Giraffes are magnificent creatures that tower over the open plains, grasslands, and woodlands of Africa, with their extremely long necks and legs, making them the tallest mammals in the world. These social animals peacefully roam the savannah in large herds, foraging for food at the tops of trees. While they are handsome and impressive, they are also vulnerable and have been vastly under-researched, despite being among the most recognized animals of the savannah.
Recent research has shown that giraffes are not just one species with nine subspecies, as previously thought, but rather four distinct species. These species include the Northern giraffe, Southern giraffe, Masai giraffe, and Reticulated giraffe!
The Northern giraffe has three subspecies: the Nubian giraffe, the Kordofan giraffe, and the West African giraffe found in Western, Central, and Eastern Africa. The Nubian giraffe is the first Northern Giraffe subspecies ever recorded and has large, rectangular, chestnut-brown patches surrounded by an off-white color, without spots on their legs. The Kordofan giraffe has a yellowish-brown to blackish-brown coat with wide and irregular pale markings extending down its legs, while the West African giraffe can now only be found in Niger, with light tan-colored spots and pale cream-colored legs.
The Southern Giraffe.
The Southern giraffe features two subspecies: the South African giraffe, found in South Africa, southern Botswana, and Zimbabwe, and the Angolan giraffe, found in central Botswana, most parts of Namibia, and some areas of Zimbabwe. The South African giraffe has star or diamond-shaped markings in various shades of brown surrounded by a light tan color, while the Angolan giraffe is relatively light in color with large, uneven, and irregular light brown patches surrounded by a pale cream color.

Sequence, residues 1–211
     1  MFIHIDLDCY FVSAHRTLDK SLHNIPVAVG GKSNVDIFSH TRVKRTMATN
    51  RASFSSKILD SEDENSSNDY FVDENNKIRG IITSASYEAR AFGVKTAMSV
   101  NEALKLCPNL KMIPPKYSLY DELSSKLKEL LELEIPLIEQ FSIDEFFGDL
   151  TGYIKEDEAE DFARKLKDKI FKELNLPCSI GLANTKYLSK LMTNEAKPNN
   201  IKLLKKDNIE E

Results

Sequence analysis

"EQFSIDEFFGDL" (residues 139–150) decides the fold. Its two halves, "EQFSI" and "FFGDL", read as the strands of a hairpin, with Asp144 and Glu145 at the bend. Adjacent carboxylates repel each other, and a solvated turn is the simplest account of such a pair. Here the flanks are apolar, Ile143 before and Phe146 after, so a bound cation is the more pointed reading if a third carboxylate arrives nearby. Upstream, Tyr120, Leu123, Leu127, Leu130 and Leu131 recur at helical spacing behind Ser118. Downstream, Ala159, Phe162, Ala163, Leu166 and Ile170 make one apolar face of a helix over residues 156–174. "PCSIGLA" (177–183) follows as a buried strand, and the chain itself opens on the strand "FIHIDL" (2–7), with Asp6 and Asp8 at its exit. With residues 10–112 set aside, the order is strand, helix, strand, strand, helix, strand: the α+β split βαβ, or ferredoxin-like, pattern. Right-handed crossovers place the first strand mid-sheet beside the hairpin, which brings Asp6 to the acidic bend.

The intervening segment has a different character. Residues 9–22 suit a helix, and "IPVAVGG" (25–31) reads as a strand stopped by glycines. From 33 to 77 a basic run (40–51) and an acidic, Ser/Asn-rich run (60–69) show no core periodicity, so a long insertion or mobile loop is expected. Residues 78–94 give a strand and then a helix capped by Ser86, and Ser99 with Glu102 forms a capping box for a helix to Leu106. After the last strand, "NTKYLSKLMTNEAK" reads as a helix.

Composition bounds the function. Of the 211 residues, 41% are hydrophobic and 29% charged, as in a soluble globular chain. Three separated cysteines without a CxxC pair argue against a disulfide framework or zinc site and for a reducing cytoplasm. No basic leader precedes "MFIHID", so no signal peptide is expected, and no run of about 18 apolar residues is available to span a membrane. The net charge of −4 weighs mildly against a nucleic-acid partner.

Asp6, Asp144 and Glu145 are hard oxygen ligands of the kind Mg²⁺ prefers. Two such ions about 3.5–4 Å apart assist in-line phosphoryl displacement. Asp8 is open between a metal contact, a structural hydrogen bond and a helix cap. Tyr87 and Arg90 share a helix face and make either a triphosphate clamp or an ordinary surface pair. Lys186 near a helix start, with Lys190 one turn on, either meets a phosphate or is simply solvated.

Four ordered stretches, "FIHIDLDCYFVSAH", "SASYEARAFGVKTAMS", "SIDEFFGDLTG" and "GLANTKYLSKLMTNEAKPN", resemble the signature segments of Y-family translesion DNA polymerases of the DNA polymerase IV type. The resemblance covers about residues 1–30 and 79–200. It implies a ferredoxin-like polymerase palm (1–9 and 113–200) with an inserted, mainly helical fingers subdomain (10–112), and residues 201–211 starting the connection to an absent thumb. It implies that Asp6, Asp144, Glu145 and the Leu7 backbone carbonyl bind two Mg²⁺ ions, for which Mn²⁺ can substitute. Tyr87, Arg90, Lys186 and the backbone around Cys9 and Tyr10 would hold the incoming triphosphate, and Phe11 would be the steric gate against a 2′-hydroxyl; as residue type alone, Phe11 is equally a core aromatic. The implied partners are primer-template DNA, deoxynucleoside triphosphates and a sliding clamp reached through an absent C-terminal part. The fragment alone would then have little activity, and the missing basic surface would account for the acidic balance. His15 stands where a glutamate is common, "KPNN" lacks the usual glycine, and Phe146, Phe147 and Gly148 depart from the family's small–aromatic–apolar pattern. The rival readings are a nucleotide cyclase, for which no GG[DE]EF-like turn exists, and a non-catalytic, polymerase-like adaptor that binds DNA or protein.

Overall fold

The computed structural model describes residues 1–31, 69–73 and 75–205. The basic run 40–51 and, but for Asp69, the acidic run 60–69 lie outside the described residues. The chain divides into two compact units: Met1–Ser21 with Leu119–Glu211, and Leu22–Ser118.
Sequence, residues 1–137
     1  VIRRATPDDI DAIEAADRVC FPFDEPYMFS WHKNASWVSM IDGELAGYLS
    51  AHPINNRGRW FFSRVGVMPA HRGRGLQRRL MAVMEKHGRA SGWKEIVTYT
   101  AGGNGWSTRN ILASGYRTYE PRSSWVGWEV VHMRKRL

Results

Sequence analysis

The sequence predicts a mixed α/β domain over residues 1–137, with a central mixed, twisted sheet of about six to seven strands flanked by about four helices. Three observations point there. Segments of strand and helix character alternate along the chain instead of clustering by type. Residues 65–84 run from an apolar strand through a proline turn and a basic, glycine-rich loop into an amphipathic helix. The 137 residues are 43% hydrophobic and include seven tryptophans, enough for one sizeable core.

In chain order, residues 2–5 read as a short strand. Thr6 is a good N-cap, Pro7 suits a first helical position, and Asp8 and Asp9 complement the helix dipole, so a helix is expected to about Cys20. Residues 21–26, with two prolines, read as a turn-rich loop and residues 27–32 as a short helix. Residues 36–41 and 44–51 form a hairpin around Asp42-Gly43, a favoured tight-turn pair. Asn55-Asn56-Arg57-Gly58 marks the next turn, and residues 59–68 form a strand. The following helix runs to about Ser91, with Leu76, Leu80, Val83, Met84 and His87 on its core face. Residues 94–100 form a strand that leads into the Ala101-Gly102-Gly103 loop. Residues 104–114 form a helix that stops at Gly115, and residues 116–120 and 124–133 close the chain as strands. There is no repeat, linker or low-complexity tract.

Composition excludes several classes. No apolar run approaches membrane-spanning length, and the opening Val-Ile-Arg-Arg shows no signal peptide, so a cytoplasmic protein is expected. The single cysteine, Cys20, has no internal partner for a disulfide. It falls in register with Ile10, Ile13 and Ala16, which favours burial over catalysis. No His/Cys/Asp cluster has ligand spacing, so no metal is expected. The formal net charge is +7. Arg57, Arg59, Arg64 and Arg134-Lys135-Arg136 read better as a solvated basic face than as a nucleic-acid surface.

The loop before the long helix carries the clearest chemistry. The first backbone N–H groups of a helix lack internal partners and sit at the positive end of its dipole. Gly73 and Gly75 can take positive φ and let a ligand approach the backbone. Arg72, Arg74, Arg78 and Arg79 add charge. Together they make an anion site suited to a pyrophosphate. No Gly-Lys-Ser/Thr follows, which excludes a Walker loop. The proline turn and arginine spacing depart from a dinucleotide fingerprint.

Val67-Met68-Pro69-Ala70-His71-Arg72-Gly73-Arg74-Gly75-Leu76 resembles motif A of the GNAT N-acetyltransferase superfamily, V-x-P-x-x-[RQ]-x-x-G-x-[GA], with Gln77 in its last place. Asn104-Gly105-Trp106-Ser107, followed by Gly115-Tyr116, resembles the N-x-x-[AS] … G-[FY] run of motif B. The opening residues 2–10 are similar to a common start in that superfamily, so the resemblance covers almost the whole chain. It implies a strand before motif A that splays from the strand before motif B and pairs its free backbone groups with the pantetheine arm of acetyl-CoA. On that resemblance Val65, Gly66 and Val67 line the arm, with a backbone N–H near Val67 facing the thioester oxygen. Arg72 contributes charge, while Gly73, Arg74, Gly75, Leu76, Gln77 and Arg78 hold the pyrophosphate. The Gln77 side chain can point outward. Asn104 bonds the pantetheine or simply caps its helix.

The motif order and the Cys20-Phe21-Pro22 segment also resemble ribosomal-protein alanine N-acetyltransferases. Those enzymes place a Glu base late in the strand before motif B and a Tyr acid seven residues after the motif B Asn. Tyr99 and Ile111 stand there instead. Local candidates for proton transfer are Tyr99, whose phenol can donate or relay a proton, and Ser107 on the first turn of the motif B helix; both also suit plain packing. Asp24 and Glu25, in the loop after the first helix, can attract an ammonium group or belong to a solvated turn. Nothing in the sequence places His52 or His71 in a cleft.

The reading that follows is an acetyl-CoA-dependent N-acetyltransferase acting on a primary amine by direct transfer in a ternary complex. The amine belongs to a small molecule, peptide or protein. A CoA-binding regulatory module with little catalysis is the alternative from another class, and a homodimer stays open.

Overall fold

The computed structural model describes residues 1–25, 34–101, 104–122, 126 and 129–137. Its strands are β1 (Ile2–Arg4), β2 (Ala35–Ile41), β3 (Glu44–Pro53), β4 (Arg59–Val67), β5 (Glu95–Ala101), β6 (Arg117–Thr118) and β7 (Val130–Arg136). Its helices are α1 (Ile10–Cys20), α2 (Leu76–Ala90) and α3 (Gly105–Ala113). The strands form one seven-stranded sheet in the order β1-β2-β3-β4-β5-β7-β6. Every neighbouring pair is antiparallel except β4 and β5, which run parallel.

The Masai giraffe is widely seen in Kenya and Tanzania and is the largest population of giraffes in Africa. They have a distinct dark brown color against a reddish/orange background in their markings, which are jagged with shapes resembling veined leaves. Their legs are partially covered by patterns but remain a dark color.
The Reticulated giraffe is found in Kenya, Somalia, and Ethiopia, with the Kenya population being the best protected. They have brown-orange markings well defined by a network of white lines in a brick-like or netted pattern, called a reticulated pattern, which gives them their name.
Overall, giraffes are unique and incredible animals that play a vital role in their ecosystem. It is important to recognize and protect their distinct species and subspecies, as they are in danger and need our help to ensure their survival in the wild.
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